November 14, 2001
Marina del Rey, California
ICANN Public Meetings
I. Welcome - Lynn
A. Different perspective today. Morning parallel sessions for management versus operations/technical questions.
B. Constituency meetings in the afternoon
C. Welcome to keynote speakers.
II. John Tritak, Critical Infrastructure Assurance Office
A. My position (as a US Federal official) gives a certain perspective, but issue is global and includes private interests.
B. Concern since mid-90s about terrorist attacks on infrastructure. Sep 11 in this sense not surprising.
C. Increasing concern about electronic attacks on communications infrastructure. Now a serious concern. Industry to take the lead here. Government to raise awareness. Information sharing to assure industry, investors, and customers that system is sound.
D. A few high profile failures might cause a dramatic drop in confidence (more so than would be justified). Need to increase security so as to maintain market and customer confidence.
E. Private sector created electronic communication systems, and private sector is best able to resolve problems. Government to stay out of the way. But security is a national concern.
F. ICANN’s role includes plans for backup and overall reliability of DNS services. Users are rightly concerned about this.
G. Information age “security” means reliability even under difficult times. Not just a cost center.
H. Special importance of Internet reliability in the face of potential overload of other communication systems during crises.
III. Bruce Schneier
A. CTO, Counterpane Internet Security
B. Slides – http://cyber.law.harvard.edu/icann/mdr2001/archive/pres/schneier.html
1. Nigel Roberts (.GG): Prosecution and deterrence are successful only when huge effort expended. Agree that law enforcement requires a high standard of proof, and that this is difficult and costly? Possible market failure because a private entity reaps only a portion of the benefits of prosecuting?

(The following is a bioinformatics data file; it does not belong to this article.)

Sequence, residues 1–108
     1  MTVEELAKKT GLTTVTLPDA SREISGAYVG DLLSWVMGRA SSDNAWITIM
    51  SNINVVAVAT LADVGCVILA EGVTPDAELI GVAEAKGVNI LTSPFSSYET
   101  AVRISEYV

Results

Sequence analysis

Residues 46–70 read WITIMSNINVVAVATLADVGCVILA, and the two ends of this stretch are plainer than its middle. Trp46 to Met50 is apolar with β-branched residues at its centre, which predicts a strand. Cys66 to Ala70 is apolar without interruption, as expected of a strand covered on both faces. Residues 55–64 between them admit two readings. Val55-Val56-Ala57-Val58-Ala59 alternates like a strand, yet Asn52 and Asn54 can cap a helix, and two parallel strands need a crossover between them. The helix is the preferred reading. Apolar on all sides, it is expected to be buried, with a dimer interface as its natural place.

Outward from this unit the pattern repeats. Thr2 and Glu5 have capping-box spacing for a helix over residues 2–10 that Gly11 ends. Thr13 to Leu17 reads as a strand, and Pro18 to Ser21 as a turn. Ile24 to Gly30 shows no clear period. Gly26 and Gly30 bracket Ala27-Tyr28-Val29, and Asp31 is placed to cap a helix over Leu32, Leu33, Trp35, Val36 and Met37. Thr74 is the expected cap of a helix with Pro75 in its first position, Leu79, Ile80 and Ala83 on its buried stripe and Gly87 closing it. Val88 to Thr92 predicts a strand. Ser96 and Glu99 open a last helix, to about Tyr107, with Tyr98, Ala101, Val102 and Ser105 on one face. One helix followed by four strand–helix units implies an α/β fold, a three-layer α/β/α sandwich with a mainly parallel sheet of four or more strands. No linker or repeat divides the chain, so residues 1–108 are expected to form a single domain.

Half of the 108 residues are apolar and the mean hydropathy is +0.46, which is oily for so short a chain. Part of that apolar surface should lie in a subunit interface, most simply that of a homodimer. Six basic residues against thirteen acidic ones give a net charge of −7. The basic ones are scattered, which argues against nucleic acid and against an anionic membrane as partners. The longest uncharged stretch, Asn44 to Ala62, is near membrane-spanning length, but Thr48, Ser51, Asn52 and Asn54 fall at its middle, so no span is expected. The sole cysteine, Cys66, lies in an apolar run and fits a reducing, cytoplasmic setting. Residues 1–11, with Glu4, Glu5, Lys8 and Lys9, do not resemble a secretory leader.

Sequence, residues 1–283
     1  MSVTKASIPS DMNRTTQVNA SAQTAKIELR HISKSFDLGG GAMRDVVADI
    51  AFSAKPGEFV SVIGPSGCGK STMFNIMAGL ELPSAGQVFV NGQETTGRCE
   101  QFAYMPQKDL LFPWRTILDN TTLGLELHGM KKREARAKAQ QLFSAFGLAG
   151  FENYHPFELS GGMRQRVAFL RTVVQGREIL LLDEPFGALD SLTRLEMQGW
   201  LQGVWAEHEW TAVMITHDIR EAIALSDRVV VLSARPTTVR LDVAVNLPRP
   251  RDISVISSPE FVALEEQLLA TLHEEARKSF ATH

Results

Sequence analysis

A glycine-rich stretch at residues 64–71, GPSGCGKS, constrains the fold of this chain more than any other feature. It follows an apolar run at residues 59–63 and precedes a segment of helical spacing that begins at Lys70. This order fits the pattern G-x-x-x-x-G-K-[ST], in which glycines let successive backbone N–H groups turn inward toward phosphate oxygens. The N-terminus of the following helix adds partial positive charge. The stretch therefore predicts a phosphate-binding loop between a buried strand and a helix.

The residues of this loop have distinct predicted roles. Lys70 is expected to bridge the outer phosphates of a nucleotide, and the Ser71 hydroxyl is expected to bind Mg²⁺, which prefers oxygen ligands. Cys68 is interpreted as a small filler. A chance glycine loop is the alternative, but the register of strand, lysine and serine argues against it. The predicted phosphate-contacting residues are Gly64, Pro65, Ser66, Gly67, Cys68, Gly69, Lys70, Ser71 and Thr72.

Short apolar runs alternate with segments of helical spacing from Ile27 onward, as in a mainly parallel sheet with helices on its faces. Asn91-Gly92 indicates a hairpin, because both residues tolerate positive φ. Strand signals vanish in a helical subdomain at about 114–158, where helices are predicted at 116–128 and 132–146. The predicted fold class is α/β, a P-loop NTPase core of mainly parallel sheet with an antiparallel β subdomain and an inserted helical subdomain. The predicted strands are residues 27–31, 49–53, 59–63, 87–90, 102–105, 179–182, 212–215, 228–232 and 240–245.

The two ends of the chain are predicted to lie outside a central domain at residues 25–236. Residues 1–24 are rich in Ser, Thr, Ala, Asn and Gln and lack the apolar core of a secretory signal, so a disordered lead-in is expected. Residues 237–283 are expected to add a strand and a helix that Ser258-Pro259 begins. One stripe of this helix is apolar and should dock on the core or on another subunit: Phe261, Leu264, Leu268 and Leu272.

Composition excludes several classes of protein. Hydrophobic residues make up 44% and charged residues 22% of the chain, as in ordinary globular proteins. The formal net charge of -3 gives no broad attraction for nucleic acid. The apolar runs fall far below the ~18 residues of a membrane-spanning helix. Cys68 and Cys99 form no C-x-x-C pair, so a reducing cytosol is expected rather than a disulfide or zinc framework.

• Right. In some countries, it may be uncertain what law was broken even when the offender is known. Ordinarily, it is not financially beneficial to prosecute. Change possible but uncertain. Punishment does not always fit the crime. Don’t pretend that this is easy. Also, problem of a company’s fear of admitting that it was hacked or of prosecuting the attacker.
2. Kent Crispin (Songbird): Concerned about privacy. More monitoring (for security) yield more collection of data that might be alleged to violate security concerns.
• Right. Serious concerns. A problem that we face in the real world also (airports, cameras, etc.). May not want to sacrifice all liberties in exchange for appearance of security. Should focus on efforts for “real” security.
3. Randy Bush: Concern about weaknesses of password security, especially on wireless network.
• Fix this.
4. Andy Mueller-Maguhn (ccc.de): Punishment efforts may not resolve security problems because computers remain insecure, because false sense of security may result. Security by obscurity (or by punishment) is not a good idea.
• Do not advocate throwing everyone who hacks into jail. But it may make system more safe. Advocate the creation of a lawful society (where most people follow law), where hacking is taken as seriously as other kinds of crime. Punishments should not be excessive, but should exist. Of course, most focus on the most serious attacks, not on “random morons.”
5. Russ Mundy (NAI Labs): Companies and organizations are different from the Internet in that they have some designated person in charge. Internet problem could be that no one is in charge and so no one is responsible. No centralized economic resources to improve centralized or fundamental Internet security. Need better economic incentives for securing critical portions of Internet infrastructure.
• True that this is problematic. What to do? Government? (Which?!) Consortium? Ignore the problem?
6. Paul-Jean Jouve (Brinx Corp.): Russian programmer had cracked Adobe’s PDF system to allow copying of text. Should not assume that hackers fit a particular social profile. Should instead seek to involve “hackers” in improving software flaws.
• The best of the hacking community is a helpful resource. But the rest of the community is not so valuable.
7. Bob Bownes: Tracking may not be sufficient. Need assistance from legal or other authorities. Registrars not interested in learning about or correcting invalid data, etc. A catch-22.
• No easy answers.
IV. Panel Sessions: McLaughlin
A. Technical Track in this room
B. Management Track in Promenade Room
V. Webcasts Resume Tomorrow Morning, 8:00AM Local Time
For additional technical information, please contact:
Ben Edelman and Rebecca Nesson